Luke Acord of Winona shows a group of children a paracord whip Thursday morning at the Freeborn County Fair in an area designated as Frontier Village. Acord said the popping sound of a whip was used to drive livestock. – Sarah Stultz/Albert Lea Tribune
Luke Acord of Winona shows a group of children a paracord whip Thursday morning at the Freeborn County Fair in an area designated as Frontier Village. Acord said the popping sound of a whip was used to drive livestock. – Sarah Stultz/Albert Lea Tribune

Frontier flair: Village shows crafts, equipment of pioneers

Published 10:02am Friday, August 1, 2014

Just south of the Grandstand at the Freeborn County Fair this week lies a village rich in history.

Called Frontier Village, the space has almost a dozen tents set up with people demonstrating life in the 1800s, including a candle maker, a spinner, a broom maker and a rope maker. There is also a medicine man, who performs daily shows, and a magician.

In the past, the Freeborn County Fair has had historical demonstrations, but this year that has expanded, said Norm Fredin, fair manager.

“We hope the people can relive some of the past,” Fredin said.

The village is made possible through a Clean Water, Land and Legacy Amendment grant distributed by the Minnesota Department of Agriculture.

Many of the tents offer hands-on experiences for fairgoers free of charge. At one stop people can learn to make rope, at another candlesticks.

Broom maker “Little” John Holzwart traveled from Sheboygan, Wis., to attend the fair.

He said it was his second year to attend, and he has made brooms for the last 10 years.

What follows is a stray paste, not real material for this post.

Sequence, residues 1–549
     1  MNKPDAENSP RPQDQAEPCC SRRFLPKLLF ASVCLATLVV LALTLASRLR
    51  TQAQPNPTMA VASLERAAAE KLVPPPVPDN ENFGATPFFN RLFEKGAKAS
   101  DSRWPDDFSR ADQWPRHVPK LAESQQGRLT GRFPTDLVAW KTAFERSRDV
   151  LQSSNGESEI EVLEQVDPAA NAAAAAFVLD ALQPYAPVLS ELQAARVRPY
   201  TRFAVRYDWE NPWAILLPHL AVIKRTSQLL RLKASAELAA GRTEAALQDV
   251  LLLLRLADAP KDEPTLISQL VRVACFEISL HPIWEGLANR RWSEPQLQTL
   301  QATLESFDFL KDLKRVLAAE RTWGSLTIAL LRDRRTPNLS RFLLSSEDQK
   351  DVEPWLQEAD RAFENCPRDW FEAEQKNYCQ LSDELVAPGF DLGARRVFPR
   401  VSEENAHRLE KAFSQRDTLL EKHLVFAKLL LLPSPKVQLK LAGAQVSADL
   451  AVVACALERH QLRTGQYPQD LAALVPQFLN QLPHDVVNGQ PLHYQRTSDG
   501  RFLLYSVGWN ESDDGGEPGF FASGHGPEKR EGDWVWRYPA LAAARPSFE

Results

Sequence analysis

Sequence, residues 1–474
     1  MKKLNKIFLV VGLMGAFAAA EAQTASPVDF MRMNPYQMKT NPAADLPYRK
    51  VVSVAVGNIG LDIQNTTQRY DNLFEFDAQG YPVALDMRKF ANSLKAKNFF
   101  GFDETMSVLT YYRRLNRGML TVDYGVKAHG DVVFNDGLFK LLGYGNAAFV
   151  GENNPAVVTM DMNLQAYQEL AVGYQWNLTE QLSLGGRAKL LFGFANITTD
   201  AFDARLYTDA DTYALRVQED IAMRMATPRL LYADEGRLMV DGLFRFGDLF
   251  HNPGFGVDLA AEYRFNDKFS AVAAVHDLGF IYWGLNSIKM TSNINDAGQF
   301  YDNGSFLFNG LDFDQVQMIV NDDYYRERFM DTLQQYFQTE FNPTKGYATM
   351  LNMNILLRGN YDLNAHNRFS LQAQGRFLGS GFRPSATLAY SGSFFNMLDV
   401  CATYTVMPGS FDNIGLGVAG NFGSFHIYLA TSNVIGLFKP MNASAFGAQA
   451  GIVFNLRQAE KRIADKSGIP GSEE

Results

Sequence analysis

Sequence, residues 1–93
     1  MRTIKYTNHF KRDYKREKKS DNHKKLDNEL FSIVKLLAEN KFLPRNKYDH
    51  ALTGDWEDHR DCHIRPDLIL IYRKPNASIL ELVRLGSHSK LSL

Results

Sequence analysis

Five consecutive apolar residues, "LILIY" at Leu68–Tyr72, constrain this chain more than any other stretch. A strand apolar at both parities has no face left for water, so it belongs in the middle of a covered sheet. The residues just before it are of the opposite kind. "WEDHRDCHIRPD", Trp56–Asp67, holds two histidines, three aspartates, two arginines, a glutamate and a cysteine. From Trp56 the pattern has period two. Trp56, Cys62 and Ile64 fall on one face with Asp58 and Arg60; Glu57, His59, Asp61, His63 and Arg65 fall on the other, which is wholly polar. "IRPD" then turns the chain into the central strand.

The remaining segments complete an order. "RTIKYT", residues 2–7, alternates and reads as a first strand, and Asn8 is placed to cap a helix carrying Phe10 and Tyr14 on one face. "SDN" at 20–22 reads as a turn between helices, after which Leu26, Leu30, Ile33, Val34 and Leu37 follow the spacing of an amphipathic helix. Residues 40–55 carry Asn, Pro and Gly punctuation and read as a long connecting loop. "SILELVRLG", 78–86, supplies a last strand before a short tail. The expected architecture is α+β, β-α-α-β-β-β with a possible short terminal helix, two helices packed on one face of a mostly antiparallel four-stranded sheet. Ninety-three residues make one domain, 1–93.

“Originally I took a class, and I got obsessed,” Holzwart said.

He uses broomcorn, a type of sorghum, for his craft, which has taken him as far away as the Los Angeles County Fair. Next week, he planned to attend the Erie County Fair.

He and many of the other presenters sleep in tents next to their demonstration sites and have attended the Big Island Rendezvous in Albert Lea in previous years.

Winona man Luke Acord gave an impromptu demonstration Thursday morning to a group of children about how cracking a whip was used to direct livestock. He said it was the sound of the whip — not striking them — that they were used for. He showed two different whips made by his brother, an Albert Lea resident. One was made with paracord and the other with leather.

He had set up a trade tent with two others and was selling handcrafted items that might have been found in that era. He said in that day people would come in and trade for goods.

Acord credited his sixth-grade history teacher for giving him a passion for history. As they learned about different periods in history, the teacher would dress up accordingly. When they learned about the Revolutionary War, he dressed up as a Revolutionary War soldier; when they learned about the Civil War, he dressed up as a Civil War soldier.

That sparked a passion within him, so that now he has been attending rendezvous for 30 years.

“We’re just a bunch of individuals who enjoy history and enjoy teaching kids,” Acord said.

Also at the trade tent was Christine “Pineapple” Jameson of St. Francis, who demonstrated candle-making.

She said anyone is invited to make candles for themselves at the site during the fair free of charge. They are made by dipping a cotton cord into beeswax that is heated in a pot over a fire. The candles have to be dipped about 50 times.

Jameson said she has dipped candles for five or six years but has attended the Rendezvous for 22 years.

She said she became interested in history as a child when she went to Ft. Snelling. Her children were raised at similar events.

“The biggest thing I get out of it is passing on to the kids why I do this,” Jameson said. “History is more than white-haired guys with names I can’t remember.”

Demonstrations continue through the remainder of the fair.